Updated: Dec 1, 2018


This slide was produced as part of a project to promote innovative thinking, and creativity for school teachers across England. Dare one say when ever I use this slide it generates a range of responses. The mischievous mavericks smile. Leadership types adopt a type of fetal position hoping the slide will go away. Most saw it as a mini road to Damascus revelation. It clearly articulated some of their day to day working dialogues and experiences. Its use always provoked a reaction, and sometimes when you are presenting, it is satisfying to have a response, where icy stares are the norm.


So why this slide? The opportunity to reverse. We don't have scapegoats. We have the opportunity to set our inform direction, if the organisational direction is lacking. Let us embrace problems, the old creative cliche problems as solutions.


Sorry but temporal thinking is different.

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I had a colleague who hated Chinese proverbs. "The cliched of the most cliched" he used to say. Transfer to a workshop for local business leaders where during a presentation I showed this slide. Some of the more crusty delegates seemed somewhat confused. A School Headteacher who was attending, was not only significantly agitated, but was also personally offended.


The link to leadership and leadership teams was then alluded to. A true leader attending then threw the presenter a killer question "is it actually true that a fish after a few days actually start rotting from their head?". The audience could sense my discomfort as I was not categorically in a position to provide evidence that fish do in fact start decomposing from their heads. The assembled seemed reassured that organisational rotting did not always start at the leadership end.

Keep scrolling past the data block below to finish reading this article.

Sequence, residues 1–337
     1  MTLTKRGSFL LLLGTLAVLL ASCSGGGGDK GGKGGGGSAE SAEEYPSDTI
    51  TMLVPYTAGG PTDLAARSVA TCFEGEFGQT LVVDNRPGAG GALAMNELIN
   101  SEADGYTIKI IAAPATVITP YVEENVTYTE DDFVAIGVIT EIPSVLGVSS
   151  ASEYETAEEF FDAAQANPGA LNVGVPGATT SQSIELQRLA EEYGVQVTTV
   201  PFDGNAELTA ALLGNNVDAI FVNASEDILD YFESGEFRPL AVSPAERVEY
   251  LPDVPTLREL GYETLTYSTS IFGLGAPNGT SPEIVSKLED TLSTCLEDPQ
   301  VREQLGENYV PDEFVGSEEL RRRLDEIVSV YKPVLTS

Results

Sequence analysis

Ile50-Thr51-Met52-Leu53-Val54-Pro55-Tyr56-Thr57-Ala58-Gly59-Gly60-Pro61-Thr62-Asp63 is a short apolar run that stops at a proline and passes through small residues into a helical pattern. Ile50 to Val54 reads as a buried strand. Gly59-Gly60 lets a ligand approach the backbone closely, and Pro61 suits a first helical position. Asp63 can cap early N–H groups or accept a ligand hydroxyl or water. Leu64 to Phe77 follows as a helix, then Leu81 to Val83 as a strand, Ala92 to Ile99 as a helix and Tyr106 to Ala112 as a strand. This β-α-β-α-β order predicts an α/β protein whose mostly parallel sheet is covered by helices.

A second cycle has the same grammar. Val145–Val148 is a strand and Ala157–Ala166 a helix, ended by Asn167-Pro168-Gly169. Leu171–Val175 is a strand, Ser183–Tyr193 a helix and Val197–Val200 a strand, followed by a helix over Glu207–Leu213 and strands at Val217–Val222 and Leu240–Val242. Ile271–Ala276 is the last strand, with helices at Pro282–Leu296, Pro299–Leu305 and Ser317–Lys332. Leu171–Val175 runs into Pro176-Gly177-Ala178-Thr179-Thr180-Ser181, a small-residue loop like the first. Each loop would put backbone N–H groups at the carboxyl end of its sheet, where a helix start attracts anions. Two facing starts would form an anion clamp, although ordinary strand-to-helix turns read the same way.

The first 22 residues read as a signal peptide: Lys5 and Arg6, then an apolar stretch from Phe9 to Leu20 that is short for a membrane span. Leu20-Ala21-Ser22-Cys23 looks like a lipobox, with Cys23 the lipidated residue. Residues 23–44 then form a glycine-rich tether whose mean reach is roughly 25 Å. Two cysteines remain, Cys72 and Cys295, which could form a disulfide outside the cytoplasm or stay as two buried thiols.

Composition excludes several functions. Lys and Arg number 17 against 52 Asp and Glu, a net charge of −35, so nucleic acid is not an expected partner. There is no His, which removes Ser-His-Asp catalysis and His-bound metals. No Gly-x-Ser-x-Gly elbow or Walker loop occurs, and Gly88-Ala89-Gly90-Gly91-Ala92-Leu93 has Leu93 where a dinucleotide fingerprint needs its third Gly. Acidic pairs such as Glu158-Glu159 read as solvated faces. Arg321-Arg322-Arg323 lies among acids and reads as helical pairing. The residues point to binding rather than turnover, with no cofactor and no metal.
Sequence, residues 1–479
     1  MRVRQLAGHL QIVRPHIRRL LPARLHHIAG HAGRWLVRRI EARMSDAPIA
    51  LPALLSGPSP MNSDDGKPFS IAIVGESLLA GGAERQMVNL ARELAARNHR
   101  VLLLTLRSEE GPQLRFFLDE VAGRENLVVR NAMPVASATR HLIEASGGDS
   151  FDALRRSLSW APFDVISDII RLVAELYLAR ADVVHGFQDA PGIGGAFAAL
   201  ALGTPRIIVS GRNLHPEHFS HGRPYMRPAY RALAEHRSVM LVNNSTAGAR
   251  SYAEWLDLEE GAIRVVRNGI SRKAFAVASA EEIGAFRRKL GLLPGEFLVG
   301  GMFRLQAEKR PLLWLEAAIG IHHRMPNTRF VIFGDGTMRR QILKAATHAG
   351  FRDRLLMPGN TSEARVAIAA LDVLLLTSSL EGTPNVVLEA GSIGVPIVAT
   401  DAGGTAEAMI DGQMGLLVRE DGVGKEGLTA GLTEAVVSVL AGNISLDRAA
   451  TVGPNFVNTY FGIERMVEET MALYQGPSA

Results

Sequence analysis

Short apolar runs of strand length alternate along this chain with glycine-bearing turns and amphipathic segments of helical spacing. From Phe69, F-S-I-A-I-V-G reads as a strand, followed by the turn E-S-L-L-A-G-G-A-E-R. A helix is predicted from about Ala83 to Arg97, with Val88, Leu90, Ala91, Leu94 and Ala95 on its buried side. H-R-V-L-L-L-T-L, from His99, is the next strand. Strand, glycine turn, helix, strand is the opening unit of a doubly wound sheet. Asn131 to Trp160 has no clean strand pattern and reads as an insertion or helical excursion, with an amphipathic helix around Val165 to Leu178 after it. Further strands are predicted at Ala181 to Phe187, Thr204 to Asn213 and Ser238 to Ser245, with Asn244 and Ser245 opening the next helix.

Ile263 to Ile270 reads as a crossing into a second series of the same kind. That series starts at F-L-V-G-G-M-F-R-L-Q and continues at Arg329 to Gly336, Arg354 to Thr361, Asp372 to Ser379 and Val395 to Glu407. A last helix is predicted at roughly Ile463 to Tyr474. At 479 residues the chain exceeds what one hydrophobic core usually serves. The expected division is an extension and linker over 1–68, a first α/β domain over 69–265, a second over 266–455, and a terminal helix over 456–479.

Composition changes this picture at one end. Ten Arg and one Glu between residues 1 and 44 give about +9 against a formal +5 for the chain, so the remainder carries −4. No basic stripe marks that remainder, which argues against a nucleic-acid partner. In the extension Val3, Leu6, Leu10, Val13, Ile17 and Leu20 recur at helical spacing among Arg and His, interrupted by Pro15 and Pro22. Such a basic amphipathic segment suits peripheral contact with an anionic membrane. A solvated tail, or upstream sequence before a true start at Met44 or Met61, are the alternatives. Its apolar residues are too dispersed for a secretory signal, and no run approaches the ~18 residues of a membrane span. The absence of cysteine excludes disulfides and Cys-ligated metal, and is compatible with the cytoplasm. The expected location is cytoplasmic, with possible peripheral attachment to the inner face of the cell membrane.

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Updated: Dec 1, 2018


This first blog promotes in a roundabout way the process of creatively thinking about "success". I have used this slide with a number of audiences and teams over the years and it always provides a range of responses. One comment was "it is not true that ostriches stick their heads in the sand". This by an obvious ostrich expert colleague. This prompted mass ostrich googling and revealed the extra-terrestrial being known as the ostronaut.


The slide also seems to prompt quasi-philosophical debates about thinking, and seeing, and their relative virtues. Vision or foresight? When asked upon my thoughts with regard to said topics my usual get out of jail card had to be deployed, "all thinking, seeing, and doing, is good" I said.


Some colleagues even started to think about what they were doing well, and how to build upon and promote those activities.


Yet celebrating success, identifying the good, and developing the good, is always good.



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